A persecution watchdog is delivering a pointed message to the Biden administration after the U.S. State Department again declined to list Nigeria on its Countries of Particular Concern list, with the expert warning that there’s a “slow-motion genocide” unfolding against Christians inside the African nation.
Jeff King, president of International Christian Concern (ICC), told CBN Digital there have been an estimated 100,000 deaths over the past two decades, with 3.5 million Christian farmers being unfairly driven from their lands.
The ongoing and intense persecution has left King and other leaders perplexed as to why the State Department continues to leave Nigeria off its Countries of Particular Concern list, a designation King said provides “a list of the countries with the worst records on religious freedom around the world.”
If given the chance to speak with the Biden administration, King said he’d deliver a candid assessment of the dire nature of the ever-deteriorating situation.
“This is a slow-motion genocide,” he said. “It’s a slow-motion Jihad.”
King added, “What does it take for the United States to use what they’re best at — just use the administration, use the bully pulpit to speak up and to stand for those who are oppressed, to stand for the defenseless? That’s all we have to do.”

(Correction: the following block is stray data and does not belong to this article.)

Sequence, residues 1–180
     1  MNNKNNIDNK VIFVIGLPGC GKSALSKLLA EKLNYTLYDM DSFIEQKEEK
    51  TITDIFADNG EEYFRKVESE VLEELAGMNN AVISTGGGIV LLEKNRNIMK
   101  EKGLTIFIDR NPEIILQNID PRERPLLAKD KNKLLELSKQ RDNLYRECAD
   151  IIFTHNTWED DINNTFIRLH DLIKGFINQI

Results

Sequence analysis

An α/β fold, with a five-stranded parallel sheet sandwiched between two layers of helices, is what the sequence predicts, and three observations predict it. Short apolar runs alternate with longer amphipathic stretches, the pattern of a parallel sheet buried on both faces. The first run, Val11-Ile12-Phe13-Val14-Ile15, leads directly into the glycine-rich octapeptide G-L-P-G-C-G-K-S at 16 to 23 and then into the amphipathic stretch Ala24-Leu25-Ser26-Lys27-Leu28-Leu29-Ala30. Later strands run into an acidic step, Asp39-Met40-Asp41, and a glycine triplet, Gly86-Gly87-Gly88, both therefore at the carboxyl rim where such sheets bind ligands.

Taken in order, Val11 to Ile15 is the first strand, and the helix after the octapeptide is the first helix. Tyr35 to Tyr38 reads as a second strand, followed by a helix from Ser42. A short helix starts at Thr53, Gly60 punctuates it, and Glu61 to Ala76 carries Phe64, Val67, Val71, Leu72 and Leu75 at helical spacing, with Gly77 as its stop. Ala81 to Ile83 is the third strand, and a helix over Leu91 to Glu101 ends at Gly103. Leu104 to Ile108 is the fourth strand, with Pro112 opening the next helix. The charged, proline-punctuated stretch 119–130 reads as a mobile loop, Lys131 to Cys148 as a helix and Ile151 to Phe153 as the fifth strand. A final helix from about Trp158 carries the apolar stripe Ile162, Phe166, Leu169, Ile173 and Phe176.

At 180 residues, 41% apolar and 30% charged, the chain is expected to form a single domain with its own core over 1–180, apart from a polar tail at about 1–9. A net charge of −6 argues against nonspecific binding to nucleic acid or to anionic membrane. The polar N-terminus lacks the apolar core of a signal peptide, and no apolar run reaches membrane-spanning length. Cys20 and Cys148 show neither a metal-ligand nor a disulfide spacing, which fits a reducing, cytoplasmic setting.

The persecution watchdog said it’s essential to call out what’s unfolding in Nigeria and pressure officials there to take action.
“The … hidden story in all this … it’s really because Muslims are in control of the army, the intel agencies, and the police, and that’s why nothing ever happens. It’s an inside job.”
CBN Digital has extensively covered the stonings, deaths, and harassment Christians face inside Nigeria. King said the persecution issue began to intensify about 20 years ago when believers started being driven out of their villages at gunpoint, with machetes and armed attacks unfolding at the hands of Fulani tribesmen.
“They’d come in, they would machete and shoot everybody, burn the place to the ground,” King said. ‘That’s happened over, and over, and over for the last 20 years.”
Watch King explain the crisis in Nigeria